By Stephen Archer, Founding Partner, Spring Partnerships LLP
Now the economy is recovering, there is greater optimism - encouraging more people to look to greener pastures. Employers now face the challenge motivating and retaining staff. How can they achieve this?
Money is not usually the prime cause of de-motivation for people — it is far more profound. Once people have enough to live on, money ceases to be a stress factor or a driver. People seek and respond to ‘inner’ rewards instead that makes them feel valued, appreciated, and involved, with a sense of belief in their employer and the future of the company.
Against this basic psychological background we can now see the age of the career may be at an end. People feel less loyalty to employers and employers are showing less loyalty to employees. The ‘unspoken contract’ that exists between the two parties has changed. Employers must keep people motivated and provide a reason for them to stay with an organisation in a way they wouldn’t have had to do 20 years ago.
Strong employee retention depends on a job being interesting and satisfying and the best motivation is achieved when companies invest in their people and provide a clear, personal development path. Such things are far more valuable than pay rises; and people stay in organisations because they feel good about themselves.
People investment is a reward in itself and organisations should consider the following tips on how to motivate and retain employees:
- Assess your employee’s potential and their comfort zones. Often people will respond to a trigger when someone sees and trusts an aspect of them that they did not know they had as a talent.
- Focus on values and beliefs, as well as abilities and skills: courage, passion, enthusiasm and energy come from our internal power source of acting in alignment with beliefs and values. That’s why asking someone who is stuck on what they should do to solve a seemingly intractable problem “what’s the right thing to do?” is such a powerful question, and one that usually produces the best solution. This is where empowerment is its own reward.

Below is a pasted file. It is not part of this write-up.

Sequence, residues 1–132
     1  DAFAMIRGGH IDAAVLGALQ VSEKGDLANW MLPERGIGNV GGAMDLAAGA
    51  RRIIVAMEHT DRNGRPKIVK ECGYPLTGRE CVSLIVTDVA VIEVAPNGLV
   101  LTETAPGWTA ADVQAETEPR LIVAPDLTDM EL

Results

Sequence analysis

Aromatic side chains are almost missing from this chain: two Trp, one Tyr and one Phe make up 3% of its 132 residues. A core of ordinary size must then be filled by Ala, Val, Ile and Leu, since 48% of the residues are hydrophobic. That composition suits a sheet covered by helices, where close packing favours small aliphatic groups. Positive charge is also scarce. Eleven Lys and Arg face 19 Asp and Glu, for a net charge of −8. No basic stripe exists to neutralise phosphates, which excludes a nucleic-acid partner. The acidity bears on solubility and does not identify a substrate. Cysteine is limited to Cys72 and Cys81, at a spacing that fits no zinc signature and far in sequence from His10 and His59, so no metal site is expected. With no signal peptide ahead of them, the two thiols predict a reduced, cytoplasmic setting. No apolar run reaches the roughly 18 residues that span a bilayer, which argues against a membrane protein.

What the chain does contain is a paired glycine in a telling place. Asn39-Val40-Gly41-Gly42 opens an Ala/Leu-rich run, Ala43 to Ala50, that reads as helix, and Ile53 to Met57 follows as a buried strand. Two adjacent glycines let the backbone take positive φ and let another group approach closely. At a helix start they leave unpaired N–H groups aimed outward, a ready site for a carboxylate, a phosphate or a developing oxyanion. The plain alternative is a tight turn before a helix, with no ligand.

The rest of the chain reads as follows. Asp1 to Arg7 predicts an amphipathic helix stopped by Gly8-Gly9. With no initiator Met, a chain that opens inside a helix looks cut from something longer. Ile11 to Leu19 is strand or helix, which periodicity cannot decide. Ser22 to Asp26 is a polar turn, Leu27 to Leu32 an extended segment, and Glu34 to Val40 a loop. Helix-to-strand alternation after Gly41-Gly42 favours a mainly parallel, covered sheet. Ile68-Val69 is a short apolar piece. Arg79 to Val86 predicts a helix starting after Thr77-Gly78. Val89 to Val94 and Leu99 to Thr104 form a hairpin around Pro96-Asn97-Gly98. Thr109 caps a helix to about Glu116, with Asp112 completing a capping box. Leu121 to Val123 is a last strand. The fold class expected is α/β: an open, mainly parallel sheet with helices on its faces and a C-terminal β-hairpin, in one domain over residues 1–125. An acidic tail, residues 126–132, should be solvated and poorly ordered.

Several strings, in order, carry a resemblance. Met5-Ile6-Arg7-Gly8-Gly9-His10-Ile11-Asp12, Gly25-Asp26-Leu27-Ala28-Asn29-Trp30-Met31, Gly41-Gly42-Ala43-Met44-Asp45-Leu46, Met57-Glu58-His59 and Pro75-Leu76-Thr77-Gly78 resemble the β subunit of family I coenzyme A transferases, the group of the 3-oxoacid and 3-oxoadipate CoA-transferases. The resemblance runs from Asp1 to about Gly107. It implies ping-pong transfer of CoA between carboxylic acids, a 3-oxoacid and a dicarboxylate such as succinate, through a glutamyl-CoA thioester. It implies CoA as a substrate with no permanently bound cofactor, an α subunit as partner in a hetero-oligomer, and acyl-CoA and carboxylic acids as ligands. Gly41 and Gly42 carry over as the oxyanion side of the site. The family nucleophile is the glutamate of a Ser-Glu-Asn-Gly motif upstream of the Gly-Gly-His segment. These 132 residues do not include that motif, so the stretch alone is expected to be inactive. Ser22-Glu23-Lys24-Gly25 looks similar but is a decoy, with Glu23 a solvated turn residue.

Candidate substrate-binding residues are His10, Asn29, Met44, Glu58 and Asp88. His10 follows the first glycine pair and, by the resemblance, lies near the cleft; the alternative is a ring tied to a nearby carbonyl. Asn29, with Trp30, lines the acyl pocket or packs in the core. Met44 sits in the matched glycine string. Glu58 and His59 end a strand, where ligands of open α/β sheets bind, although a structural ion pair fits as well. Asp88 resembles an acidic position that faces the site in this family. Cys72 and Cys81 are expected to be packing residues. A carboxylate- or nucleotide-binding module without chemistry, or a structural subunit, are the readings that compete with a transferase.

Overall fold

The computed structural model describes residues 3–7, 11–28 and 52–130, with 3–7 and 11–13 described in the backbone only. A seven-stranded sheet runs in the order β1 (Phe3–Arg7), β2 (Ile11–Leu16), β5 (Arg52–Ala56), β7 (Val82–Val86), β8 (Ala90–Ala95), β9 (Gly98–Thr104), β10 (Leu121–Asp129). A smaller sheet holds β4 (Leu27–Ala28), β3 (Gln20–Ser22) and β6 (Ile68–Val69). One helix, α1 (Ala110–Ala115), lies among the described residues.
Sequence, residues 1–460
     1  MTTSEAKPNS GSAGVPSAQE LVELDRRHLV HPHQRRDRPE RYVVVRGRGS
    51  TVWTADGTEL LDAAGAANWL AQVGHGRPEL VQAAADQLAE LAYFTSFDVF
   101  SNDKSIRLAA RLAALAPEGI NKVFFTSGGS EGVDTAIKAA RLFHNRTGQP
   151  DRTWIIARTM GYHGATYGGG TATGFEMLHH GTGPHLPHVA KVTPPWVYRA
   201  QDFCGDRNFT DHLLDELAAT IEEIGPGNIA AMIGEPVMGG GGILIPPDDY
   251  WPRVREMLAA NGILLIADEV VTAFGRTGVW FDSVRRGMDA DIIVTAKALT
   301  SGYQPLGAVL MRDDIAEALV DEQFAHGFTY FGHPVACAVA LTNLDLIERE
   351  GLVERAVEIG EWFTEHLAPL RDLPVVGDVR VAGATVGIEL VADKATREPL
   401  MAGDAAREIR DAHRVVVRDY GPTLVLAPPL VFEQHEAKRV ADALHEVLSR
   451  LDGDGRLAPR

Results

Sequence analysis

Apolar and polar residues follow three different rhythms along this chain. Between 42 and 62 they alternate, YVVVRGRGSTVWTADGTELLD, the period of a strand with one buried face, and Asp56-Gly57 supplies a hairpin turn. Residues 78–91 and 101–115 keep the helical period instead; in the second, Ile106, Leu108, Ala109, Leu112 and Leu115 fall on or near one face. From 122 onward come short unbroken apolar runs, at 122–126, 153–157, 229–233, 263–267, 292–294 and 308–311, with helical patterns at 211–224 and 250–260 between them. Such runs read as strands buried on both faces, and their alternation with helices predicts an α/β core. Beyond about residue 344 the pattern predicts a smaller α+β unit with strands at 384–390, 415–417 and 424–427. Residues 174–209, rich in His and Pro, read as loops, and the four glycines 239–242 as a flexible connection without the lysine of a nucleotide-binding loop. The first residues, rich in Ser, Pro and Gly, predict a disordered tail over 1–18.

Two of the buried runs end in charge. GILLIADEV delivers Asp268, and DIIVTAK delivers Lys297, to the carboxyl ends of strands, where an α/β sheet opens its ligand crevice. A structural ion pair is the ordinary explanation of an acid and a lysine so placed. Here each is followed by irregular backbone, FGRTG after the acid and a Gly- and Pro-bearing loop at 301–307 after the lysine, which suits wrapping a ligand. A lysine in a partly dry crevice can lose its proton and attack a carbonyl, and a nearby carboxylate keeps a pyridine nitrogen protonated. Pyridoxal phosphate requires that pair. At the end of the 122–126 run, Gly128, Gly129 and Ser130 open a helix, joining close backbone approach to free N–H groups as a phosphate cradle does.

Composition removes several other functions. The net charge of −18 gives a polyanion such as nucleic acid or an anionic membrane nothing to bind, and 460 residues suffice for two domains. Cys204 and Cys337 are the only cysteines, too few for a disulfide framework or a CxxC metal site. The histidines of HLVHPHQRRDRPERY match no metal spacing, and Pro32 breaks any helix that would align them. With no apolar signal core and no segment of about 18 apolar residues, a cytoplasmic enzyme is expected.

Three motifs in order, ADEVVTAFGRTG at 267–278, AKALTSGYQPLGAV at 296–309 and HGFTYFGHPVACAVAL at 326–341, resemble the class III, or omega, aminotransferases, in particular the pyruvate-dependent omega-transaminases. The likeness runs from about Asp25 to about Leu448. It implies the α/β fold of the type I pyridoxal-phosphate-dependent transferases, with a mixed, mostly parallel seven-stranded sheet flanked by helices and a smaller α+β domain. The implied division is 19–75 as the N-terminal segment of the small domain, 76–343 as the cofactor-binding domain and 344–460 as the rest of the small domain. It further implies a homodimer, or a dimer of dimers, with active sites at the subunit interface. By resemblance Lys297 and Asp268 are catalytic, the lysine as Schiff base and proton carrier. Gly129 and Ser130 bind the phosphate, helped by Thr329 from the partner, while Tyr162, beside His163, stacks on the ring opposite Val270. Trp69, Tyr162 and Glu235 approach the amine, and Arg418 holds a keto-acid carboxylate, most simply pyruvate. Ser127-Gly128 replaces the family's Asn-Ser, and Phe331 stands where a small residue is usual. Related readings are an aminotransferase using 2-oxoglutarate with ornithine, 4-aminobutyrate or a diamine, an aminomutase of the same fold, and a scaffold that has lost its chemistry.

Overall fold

- Design challenges and goals that will stretch your people. If we cannot promote them, how can we give them more responsibility? Line managers often think that they have to give permanent responsibility. However, projects that can be given to people can be very motivating and develop skills.
- If a person is going to develop and learn they must be taken out of their comfort zone and supported in this aim by their manager.
- Building confidence and competencies through achievement of goals: whether small or large is an incredibly important part of development, and if those achievements are consistently recognised and rewarded, a hunger for more is established, fuelling the internal desire for development and more achievement.
- Use every experience for learning: everybody makes mistakes. If they don’t then they are not being stretched.
- Focus on what people need to solve issues. Keep supporting them relentlessly
Give constant feedback.
-Link long term development to the short and long term needs of the business. Make this connection visible and clear for all to understand.
- Consider cash, bonus and non-cash rewards appropriate to the value of the effort and achievement.
- Celebrate with staff events, days out and spontaneous celebrations.
For any organisation faced with a de-motivated workforce, the first priority is to share with employees what is being done to move the business forward and take advantage of the growing economy.
Communicate what role they can play to help the business grow. This will motivate and excite people, as well as give them confidence because it offers them a stake in securing their own future.
It is crucial though that the reward is the promise to share in the success that can follow, and the reward of being respected and developed.
Successful organisations will focus on their biggest asset, their people and together they reap the benefits of a more positive economy.